New research found that mepolizumab, a monoclonal antibody, decreased asthma flare-ups by 27% in Black and Hispanic children and adolescents who have a severe form of asthma, are prone to asthma attacks, and live in low-income urban neighborhoods.
Stephen Teach, M.D., principal investigator of the IMPACT DC asthma program and co-author of the NIAID-funded Inner City Asthma Consortium-conducted study, offers insight on the importance of this work and what it means for the future of pediatric asthma care at Children’s National Hospital.
What has been the hold-up in this field and how does this work move the field forward?
Urban, Black, and Hispanic children with asthma continue to suffer a disproportionate share of asthma-related morbidity. These findings show that innovative, phenotype-specific therapies are necessary to address their needs.
The study’s investigators were able to document a significant treatment effect in a particularly at-risk population and demonstrated specific gene pathways that were downregulated by treatment with mepolizumab.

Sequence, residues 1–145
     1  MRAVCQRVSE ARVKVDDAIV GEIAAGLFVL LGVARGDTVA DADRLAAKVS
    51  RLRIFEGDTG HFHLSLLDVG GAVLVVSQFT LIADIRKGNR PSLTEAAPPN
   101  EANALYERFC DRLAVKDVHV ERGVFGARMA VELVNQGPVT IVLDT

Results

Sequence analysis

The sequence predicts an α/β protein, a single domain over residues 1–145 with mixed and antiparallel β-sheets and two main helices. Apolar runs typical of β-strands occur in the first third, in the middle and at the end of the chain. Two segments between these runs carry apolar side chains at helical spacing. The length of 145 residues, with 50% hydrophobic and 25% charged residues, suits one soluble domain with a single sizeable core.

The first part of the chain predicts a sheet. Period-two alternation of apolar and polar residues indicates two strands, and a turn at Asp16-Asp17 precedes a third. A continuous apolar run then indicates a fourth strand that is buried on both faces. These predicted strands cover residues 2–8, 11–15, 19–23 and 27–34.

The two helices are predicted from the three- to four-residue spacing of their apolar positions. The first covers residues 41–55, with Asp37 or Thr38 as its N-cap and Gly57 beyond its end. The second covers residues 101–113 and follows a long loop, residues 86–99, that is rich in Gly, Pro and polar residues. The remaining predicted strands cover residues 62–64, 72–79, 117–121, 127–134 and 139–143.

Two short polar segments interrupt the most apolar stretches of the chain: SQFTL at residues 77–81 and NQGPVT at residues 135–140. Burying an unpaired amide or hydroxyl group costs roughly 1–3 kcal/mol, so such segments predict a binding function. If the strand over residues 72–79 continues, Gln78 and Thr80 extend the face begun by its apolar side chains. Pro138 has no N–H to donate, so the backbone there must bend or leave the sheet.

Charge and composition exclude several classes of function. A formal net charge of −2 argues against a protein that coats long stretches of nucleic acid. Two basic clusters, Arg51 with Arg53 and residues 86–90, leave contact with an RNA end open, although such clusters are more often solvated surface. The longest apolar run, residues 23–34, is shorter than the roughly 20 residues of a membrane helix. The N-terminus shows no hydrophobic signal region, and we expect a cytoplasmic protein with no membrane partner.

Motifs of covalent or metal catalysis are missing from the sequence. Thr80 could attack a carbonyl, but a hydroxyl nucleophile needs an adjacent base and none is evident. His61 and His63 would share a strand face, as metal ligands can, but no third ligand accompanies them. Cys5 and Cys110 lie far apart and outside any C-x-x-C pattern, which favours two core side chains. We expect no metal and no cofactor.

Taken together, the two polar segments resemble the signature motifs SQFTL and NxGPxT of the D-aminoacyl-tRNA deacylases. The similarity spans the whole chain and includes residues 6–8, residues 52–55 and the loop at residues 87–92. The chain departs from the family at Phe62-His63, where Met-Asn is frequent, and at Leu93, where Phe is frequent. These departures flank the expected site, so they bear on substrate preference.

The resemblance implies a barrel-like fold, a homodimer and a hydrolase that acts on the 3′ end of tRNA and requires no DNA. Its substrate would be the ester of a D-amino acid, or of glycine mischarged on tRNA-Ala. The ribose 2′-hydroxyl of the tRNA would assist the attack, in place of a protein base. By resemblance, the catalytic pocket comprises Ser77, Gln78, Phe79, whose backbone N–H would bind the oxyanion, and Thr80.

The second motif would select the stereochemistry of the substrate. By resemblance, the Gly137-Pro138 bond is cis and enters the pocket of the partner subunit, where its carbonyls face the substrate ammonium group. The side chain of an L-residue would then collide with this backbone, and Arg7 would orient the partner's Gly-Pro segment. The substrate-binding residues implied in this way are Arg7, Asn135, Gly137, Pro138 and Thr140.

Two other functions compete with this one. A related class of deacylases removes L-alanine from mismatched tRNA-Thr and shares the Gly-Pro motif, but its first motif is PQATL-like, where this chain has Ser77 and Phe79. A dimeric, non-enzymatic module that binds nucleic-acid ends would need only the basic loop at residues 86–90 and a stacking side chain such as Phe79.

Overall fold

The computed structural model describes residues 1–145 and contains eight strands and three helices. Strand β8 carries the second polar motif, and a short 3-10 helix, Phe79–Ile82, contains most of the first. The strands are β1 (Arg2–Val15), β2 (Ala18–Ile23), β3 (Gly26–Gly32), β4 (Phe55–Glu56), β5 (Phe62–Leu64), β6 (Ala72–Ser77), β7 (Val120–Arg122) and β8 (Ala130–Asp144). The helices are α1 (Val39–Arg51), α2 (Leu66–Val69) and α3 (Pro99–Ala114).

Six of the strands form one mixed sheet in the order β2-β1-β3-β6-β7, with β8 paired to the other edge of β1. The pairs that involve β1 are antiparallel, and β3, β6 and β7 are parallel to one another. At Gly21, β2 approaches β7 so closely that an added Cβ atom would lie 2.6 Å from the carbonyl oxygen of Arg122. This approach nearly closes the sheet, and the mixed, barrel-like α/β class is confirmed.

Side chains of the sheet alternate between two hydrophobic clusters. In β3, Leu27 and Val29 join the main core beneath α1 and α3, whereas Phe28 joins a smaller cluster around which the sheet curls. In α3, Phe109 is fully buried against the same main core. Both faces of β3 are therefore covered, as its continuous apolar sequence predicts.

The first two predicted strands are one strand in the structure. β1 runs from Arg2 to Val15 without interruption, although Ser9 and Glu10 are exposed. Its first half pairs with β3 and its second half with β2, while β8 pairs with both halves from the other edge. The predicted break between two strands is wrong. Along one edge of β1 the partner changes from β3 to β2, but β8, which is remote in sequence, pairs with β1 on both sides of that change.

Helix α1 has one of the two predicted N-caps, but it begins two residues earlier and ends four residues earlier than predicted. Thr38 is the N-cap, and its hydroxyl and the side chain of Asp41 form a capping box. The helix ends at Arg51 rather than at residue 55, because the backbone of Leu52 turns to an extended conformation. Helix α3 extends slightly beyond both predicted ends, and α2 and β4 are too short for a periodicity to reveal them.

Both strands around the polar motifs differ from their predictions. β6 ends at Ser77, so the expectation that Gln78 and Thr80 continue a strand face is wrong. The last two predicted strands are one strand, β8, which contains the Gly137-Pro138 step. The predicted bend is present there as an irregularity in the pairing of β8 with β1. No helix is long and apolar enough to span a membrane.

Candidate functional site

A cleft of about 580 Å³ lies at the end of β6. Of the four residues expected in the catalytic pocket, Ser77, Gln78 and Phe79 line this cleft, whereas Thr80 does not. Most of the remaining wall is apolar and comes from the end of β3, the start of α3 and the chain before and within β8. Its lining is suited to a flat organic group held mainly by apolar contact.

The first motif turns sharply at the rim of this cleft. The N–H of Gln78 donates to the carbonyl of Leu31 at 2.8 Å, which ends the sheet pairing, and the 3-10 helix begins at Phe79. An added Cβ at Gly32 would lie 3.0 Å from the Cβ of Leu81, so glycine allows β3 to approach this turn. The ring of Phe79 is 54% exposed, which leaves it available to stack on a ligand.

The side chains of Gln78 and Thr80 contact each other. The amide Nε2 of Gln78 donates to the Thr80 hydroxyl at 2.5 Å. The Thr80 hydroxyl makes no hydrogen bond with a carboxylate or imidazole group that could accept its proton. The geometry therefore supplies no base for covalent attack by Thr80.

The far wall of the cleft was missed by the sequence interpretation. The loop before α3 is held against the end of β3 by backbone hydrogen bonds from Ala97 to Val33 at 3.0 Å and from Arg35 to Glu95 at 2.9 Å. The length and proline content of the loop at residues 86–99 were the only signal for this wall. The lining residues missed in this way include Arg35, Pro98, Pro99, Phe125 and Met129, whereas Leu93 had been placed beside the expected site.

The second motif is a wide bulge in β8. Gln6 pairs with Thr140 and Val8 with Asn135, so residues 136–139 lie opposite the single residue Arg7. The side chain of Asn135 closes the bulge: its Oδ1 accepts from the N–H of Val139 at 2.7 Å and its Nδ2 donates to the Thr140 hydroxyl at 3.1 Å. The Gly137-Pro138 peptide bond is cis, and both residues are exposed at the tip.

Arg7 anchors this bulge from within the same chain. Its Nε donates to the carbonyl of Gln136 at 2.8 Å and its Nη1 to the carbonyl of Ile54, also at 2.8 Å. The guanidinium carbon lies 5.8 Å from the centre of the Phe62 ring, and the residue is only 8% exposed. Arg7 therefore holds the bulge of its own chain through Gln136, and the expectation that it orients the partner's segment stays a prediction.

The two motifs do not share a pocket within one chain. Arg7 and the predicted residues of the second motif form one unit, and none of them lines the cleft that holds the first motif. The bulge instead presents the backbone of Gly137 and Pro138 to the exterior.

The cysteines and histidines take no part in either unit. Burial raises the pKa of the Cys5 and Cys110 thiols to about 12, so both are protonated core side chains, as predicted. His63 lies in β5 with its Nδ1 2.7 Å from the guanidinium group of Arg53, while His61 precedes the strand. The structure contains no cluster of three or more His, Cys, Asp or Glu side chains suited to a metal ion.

What did you find that excites you about this work?
The exciting part of the Inner-City Asthma Consortium’s work has always been that it not only studies whether or not phenotype-driven interventions improve outcomes in high-risk kids, but how those interventions work from a fundamental mechanistic perspective. Those insights drive the science, and the potential clinical applications, forward in an iterative fashion.
How is Children’s National leading in this space?
Investigators from Children’s National continue to be national leaders in developing and testing innovative interventions to address the national disparities in pediatric asthma care and outcomes.
The study, published in the journal The Lancet was co-authored by William Sheehan, M.D., allergist.
The Division of Pulmonary Medicine at Children’s National has been ranked as one of the top ten programs in the nation by U.S. News & World Report.